The woman sat staring into the milky swirls of her latte, hands folded in her lap. In the epicenter of the creamy cyclone in her cup, she felt a beginning, an inkling, a seed. Her memories and thoughts swarmed about the motionless center, organizing themselves into the curved arms of a story, and she envisioned how her last book had come to success. How the last seed had become a nation.
It began with the seed, the genetic offspring of a thousand works before it, waiting in a dry western soil. Then the rains came – the life occurrences and experiences – that flooded water onto the plains of her thoughts and allowed the seed to germinate. The seed reached deeper into the damp red earth, pulling ancient and established prose into its being, and it reached higher, stretching toward the unobstructed light of new possibility. Deeper it grew and higher it stretched, until the thousand green arms of its sentences fluttered in the open air for all to see.
Except it was not done growing yet. New limbs branched off of old ones, old branches died and fell away, and editorial/evolutionary concessions redistributed resources to the parts of the plant that needed them most. Upon reaching full maturity, the tumbleweed then freed itself of its author. It dried up and waited for a strong wind.
The work of art did not wait long before a powerful and unlikely gust rushed down from the north, exclamations of praise in the New York Times sweeping up the story and sending it hurtling southward. With it, numberless other stories skipped along, getting caught up on fence lines of indifference, distaste, or obscurity. But the woman’s book rolled on, a thousand seeds falling on fertile minds as it passed from reader to reader, driven by the weather phenomenon of social attention.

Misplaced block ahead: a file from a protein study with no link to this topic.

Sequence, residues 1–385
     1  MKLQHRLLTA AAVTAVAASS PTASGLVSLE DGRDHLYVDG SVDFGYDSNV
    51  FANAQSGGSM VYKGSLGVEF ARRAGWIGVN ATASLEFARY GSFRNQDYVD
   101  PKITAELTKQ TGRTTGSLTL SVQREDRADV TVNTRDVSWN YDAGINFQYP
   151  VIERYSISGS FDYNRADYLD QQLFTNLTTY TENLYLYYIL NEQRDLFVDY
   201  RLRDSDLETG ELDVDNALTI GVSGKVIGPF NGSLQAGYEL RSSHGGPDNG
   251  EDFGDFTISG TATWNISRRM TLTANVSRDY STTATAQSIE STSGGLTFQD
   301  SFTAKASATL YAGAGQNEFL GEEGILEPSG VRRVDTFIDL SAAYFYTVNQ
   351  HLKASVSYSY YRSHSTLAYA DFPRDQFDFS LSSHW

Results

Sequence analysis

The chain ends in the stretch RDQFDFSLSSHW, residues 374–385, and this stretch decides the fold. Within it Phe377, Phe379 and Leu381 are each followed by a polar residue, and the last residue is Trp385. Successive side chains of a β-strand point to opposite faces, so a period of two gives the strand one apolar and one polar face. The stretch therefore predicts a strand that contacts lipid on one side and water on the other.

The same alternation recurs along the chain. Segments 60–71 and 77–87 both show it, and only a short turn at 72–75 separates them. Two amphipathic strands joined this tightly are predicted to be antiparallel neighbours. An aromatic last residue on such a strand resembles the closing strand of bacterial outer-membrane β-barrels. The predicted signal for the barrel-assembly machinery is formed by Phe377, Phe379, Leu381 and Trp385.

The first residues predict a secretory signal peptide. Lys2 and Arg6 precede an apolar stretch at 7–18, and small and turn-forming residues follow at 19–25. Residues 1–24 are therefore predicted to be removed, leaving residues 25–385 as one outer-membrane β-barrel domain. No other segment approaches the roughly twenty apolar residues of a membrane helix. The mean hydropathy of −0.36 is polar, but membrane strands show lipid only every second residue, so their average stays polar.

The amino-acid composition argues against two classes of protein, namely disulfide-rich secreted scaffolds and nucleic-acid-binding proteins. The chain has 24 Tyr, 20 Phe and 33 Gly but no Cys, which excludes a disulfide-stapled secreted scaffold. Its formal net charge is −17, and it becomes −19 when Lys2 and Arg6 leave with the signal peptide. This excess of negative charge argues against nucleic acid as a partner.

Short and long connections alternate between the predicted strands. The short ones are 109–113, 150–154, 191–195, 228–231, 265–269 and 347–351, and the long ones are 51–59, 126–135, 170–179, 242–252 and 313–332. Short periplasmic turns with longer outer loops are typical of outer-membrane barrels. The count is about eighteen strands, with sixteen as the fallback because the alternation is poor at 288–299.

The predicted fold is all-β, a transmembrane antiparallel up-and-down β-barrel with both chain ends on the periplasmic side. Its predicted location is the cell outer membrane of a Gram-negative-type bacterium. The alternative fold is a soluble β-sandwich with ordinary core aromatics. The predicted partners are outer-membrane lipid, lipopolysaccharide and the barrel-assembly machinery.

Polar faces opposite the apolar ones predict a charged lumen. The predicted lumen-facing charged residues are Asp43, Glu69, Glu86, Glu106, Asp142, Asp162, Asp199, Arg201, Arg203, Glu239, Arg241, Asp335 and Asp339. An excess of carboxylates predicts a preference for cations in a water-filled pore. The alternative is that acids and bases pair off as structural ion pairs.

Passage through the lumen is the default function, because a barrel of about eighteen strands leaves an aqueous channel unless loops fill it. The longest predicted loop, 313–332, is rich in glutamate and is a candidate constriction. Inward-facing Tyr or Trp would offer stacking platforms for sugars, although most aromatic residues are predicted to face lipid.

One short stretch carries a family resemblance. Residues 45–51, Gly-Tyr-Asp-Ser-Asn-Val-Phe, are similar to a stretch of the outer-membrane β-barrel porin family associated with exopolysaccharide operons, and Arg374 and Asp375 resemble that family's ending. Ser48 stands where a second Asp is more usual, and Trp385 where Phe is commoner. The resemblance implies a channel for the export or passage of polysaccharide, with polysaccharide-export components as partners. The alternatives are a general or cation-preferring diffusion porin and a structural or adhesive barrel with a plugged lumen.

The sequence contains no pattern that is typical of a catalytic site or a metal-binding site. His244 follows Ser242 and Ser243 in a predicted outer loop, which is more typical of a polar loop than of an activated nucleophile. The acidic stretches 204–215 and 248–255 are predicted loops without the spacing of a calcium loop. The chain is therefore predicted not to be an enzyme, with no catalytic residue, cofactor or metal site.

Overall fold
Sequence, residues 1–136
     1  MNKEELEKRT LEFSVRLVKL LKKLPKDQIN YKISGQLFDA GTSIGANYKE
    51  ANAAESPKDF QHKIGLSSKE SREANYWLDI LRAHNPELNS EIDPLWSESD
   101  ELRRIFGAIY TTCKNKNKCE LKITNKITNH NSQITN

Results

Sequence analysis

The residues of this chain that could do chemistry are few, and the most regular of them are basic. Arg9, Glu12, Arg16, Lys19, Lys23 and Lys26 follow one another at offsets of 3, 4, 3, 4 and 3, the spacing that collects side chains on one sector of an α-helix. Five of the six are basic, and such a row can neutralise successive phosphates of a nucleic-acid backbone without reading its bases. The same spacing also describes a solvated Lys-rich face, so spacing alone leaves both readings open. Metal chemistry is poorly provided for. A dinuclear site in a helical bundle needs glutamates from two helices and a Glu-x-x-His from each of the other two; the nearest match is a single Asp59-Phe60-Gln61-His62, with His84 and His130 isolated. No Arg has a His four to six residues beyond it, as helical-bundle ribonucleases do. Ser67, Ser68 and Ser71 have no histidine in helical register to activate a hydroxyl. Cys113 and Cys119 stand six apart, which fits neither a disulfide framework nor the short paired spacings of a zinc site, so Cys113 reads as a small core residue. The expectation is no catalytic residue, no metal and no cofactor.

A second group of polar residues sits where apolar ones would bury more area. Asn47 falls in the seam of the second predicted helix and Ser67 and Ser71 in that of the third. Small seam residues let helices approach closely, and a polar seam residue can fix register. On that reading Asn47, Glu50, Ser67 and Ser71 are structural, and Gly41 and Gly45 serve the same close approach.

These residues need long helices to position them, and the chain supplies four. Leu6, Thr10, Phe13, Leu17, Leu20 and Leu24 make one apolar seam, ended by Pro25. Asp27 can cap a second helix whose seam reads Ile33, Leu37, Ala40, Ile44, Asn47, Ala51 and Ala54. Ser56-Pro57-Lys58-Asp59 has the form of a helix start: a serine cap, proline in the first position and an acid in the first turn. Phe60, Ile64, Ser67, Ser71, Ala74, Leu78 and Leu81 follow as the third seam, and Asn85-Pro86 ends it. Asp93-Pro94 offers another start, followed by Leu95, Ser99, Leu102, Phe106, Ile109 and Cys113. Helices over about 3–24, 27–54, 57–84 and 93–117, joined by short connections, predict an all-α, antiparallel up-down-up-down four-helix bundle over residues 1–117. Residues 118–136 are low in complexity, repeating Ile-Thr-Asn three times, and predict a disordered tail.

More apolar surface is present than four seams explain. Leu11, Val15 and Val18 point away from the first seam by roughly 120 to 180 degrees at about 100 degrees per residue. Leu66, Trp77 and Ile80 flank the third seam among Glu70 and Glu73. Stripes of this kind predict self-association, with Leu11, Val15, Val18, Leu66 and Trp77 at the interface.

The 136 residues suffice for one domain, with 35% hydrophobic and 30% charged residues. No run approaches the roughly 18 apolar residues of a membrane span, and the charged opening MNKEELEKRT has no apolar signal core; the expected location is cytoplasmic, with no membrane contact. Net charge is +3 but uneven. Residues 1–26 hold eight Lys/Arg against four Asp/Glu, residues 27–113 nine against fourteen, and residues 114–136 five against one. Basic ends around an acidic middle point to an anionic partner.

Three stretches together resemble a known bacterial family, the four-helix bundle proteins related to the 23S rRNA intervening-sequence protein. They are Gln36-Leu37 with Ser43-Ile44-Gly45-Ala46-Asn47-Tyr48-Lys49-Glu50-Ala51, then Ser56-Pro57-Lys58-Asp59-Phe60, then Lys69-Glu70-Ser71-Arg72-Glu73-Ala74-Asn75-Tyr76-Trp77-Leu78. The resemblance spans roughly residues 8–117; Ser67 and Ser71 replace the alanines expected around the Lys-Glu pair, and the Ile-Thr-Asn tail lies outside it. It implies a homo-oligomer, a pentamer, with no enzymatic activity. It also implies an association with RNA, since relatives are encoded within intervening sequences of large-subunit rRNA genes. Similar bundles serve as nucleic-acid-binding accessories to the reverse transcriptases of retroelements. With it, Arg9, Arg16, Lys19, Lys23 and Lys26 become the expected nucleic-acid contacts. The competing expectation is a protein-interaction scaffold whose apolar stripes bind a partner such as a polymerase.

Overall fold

Hard work had won the woman’s book the validation it deserved. Hard work and a lot of luck. She brushed her obsidian hair back behind her ear and lifted the latte to her mouth. She had been lucky. Lucky that her seed had fallen on good soil, lucky that a prominent editor had crossed paths with the wandering book, lucky that her work trundled into the social scene at the right time, and lucky that it hadn’t gotten caught up with the overwhelming body of fictional work being produced and lost in a pile of weeds.
Of course, she thought while returning her rectangular reading glasses to her face, it takes hard work to be lucky.
She put down her latte, picked up a pencil, and began scribbling the next seed on her receipt.
(Fiction by Alex Pappalardo)